Adopting a healthy lifestyle is important for cancer survivors. It can reduce the risk of recurrence, help manage weight, reduce the risk of other diseases such as heart disease or diabetes, and improve overall mental and physical quality of life. According to the American Institute of Cancer Research, the available science on diet and survivorship suggests that – unless advised otherwise by a qualified professional – cancer survivors should aim to follow the recommendations that help prevent cancer in the first place.
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- Be a healthy weight. Keep your weight within the healthy range and avoid weight gain in adult life.
- Be physically active throughout the day. Aim to be physically active for at least 30 minutes per day and avoid being sedentary.
- Make healthy food choices.
- A daily variety of vegetables, fruits, whole grains and legumes (beans) can provide the fiber, vitamins, minerals, and phytochemicals you need to help prevent cancer and other diseases.
- Avoiding sugary drinks and processed meats. Limit red meat and high-calorie “fast foods” and other processed foods high in fat, starches, or sugars. Avoiding and limiting these foods can help you achieve and maintain a healthy weight and help to prevent obesity-related cancers, heart disease, and diabetes.
- Aim to meet nutritional needs through diet alone rather than through supplements.
- Limit alcohol consumption. If you drink alcohol at all, try to limit your intake to no more than two drinks per day for men and one drink per day for women. Alcoholic drinks increase the risk of a number of cancers and can be high in calories which may lead to weight gain. One standard “drink” is equal to 12 ounces of beer, 1.5 ounces of 80-proof liquor, or 5 ounces of wine. For preventing cancer recurrence or onset of a new cancer, it’s best not to drink alcohol.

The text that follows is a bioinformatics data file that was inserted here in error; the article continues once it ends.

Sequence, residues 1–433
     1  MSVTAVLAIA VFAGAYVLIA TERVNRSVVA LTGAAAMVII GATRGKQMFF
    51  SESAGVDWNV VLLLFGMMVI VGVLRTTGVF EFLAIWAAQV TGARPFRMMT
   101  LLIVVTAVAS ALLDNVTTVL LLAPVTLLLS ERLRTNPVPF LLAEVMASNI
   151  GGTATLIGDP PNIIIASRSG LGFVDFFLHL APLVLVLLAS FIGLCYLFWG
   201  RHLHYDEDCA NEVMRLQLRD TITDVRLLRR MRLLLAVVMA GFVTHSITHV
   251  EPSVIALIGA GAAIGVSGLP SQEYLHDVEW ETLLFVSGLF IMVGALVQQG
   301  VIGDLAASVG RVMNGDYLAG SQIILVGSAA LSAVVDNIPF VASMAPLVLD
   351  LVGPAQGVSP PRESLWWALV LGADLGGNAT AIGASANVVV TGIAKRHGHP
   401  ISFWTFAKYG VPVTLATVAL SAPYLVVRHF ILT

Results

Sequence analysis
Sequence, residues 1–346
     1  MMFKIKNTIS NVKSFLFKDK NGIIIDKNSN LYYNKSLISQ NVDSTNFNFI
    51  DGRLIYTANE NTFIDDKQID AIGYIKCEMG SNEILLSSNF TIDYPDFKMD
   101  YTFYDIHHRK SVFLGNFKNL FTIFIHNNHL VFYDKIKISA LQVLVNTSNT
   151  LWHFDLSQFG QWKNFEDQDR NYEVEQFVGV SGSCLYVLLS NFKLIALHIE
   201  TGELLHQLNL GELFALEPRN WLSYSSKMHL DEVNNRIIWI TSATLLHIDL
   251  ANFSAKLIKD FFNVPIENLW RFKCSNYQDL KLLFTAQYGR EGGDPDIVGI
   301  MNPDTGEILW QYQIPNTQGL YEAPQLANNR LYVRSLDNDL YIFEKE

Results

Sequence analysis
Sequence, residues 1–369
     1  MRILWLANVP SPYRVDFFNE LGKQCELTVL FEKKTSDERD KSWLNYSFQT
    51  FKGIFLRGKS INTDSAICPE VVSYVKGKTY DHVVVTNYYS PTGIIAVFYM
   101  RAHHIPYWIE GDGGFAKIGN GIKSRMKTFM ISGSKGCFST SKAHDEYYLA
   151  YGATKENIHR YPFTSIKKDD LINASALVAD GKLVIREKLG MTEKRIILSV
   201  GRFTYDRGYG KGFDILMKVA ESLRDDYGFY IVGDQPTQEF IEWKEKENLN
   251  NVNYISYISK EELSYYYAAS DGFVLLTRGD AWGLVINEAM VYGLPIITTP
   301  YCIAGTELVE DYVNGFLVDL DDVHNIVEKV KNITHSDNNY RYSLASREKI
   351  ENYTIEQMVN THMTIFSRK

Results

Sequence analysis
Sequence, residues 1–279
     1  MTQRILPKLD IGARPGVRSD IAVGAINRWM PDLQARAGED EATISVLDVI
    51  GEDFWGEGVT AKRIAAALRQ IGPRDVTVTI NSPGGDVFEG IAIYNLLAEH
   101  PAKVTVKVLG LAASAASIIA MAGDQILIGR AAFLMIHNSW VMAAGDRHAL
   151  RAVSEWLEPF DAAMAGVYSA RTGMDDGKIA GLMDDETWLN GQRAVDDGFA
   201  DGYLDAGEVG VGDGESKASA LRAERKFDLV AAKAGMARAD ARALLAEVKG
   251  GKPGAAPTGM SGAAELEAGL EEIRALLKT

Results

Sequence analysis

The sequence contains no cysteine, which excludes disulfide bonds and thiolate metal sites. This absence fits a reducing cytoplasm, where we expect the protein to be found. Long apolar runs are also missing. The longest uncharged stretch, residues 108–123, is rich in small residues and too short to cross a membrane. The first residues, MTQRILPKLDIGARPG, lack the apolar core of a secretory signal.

- Do not smoke or chew tobacco. Smoking or using tobacco in any form increases the risk of cancer and other diseases. It’s never too late to stop using tobacco and your health will benefit immediately. If you smoke, quitting is the most important thing you can do to reduce risk of cancer recurrence.
The Registered Dietitian Nutritionists (RDNs) are part of your Roswell health care team
RDNs can help you manage nutrition-related side effects from your cancer treatment and provide guidance to help you improve your nutritional health. If you would like to meet with a dietitian, ask your doctor or nurse to order a nutrition consultation for you.
Discover how diet, nutrition and physical activity affect your cancer risk with this interactive cancer matrix.